Another reporter asked how the CFPA covered the shortfall in administering Cao Dewang’s donation. He responded that they were able to reallocate surpluses from some of the CFPA’s other programs. Of course, in his interview with China Philanthropy Times several months prior, Kang Xiaoguang, the head of Renmin University’s Non-Profit Research Center, indicated that the network of local Poverty Alleviation offices local poverty alleviation networkshared the burden of these administrative costs ((Editor’s Note: The CFPA’s official sponsor is the State Council’s Poverty Alleviation Office which has national network of offices at the local level.)).
Against a societal backdrop of corruption, the media plays an important oversight role, encouraging accountability and honest dealings in the nonprofit sector. He’s direct engagement with reporters not only allowed the media to fulfill this duty, it has also given the media greater insight into the workings of the nonprofit sector.
“We’re not lacking money, rather we’re lacking compelling reasons for people to donate,” He explained, openly expressing the CFPA’s “guiding principle.”
Accountability Engenders Trust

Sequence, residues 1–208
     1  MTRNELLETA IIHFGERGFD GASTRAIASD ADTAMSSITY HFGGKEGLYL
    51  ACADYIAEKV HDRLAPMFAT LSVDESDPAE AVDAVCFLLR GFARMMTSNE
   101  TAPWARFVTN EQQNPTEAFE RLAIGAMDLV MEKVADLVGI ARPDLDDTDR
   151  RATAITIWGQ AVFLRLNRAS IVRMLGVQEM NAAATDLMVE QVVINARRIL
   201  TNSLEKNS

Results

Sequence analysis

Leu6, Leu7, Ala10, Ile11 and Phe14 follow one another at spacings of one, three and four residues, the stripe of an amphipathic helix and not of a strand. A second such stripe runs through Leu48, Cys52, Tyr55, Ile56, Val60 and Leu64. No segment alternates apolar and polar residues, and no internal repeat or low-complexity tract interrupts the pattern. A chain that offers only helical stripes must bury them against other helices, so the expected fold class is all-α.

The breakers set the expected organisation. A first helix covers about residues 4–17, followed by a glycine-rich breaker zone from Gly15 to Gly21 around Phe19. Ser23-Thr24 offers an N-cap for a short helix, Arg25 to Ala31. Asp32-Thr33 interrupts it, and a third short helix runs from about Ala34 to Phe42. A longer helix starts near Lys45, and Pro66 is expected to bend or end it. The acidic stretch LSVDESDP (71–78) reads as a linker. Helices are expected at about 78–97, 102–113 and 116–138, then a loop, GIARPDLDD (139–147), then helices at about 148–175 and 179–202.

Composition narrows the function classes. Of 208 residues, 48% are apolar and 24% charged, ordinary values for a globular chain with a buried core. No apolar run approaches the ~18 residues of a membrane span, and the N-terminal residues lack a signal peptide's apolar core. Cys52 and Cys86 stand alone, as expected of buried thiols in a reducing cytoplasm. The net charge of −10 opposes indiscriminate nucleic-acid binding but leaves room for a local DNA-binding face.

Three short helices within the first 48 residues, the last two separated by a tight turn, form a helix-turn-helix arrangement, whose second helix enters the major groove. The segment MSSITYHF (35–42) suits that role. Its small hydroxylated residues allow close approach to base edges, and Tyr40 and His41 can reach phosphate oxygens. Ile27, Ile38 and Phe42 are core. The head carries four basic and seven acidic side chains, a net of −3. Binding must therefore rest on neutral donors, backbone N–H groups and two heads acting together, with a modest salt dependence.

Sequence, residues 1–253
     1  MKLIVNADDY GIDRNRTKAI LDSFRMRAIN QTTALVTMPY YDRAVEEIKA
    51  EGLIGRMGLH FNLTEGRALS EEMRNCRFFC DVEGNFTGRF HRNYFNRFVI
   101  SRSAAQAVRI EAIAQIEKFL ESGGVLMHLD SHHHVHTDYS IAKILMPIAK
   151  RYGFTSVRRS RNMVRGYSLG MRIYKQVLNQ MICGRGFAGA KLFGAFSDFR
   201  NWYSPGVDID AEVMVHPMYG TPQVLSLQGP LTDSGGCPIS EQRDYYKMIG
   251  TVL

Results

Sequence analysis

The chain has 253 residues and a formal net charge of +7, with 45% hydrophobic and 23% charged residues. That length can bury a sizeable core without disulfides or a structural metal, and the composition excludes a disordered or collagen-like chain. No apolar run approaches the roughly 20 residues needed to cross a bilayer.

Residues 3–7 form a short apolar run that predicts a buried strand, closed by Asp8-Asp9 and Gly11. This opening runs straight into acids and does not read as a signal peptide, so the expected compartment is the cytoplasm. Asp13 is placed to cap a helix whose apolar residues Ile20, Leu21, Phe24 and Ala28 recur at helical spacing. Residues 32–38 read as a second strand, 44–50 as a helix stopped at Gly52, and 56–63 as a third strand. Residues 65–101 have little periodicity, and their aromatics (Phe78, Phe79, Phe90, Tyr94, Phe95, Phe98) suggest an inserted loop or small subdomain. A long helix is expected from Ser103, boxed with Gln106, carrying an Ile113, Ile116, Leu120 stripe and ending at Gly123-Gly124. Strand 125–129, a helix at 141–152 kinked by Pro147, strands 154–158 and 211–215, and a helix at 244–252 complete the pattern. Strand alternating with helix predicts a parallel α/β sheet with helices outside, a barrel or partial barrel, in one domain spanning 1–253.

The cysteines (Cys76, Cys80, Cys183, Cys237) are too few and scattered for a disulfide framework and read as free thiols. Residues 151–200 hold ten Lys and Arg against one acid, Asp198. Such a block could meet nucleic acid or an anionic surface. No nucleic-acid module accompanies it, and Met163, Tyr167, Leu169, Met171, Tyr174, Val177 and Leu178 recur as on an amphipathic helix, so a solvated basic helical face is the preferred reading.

After the earthquake, Nokia immediately contacted the designated, state-run relief organizations, expressing a desire to donate on the condition that it could direct the funds and understand how they were being used. This approach led nowhere—either no one answered the phone, or the organizations said they were unable to comply with the conditions, or even demanded minimum donations. It was then that the CFPA acted on its own to contact Nokia with a promise: they would produce a weekly report on relief efforts, and a monthly or seasonal progress report on the overall project. This satisfied Nokia, and they agreed to work with the foundation.
Fu Lei, Nokia China’s director of corporate social responsibility, explained the drama that ensued in the wake of her department’s decision. At the time, Nokia had 4 million RMB of corporate funds and 2 million RMB of employee donations designated for the earthquake relief efforts. Employees questioned the decision of Fu’s department to give funds to this little-known organization, and not one of the “top-ranked foundations.” Ultimately, the corporate funds were donated to the CFPA while the employee union opted to withhold its donation. In the ensuing weeks, the corporate social responsibility department passed along the CFPA’s reports to the employee union and, two months later, just as reports of problems with the management of public donations became a hot topic in the media, the employees reconsidered their decision and donated their funds to the foundation.
Although the relationship began on the basis of mutual trust, Nokia’s exacting standards quickly became apparent, and the two sides went through five or six rounds of negotiations. Nokia repeatedly raised doubts and questions, while the CFPA unflaggingly sought to assuage the company’s fears with detailed reports and on-site inspections. In the end, Nokia approved the program.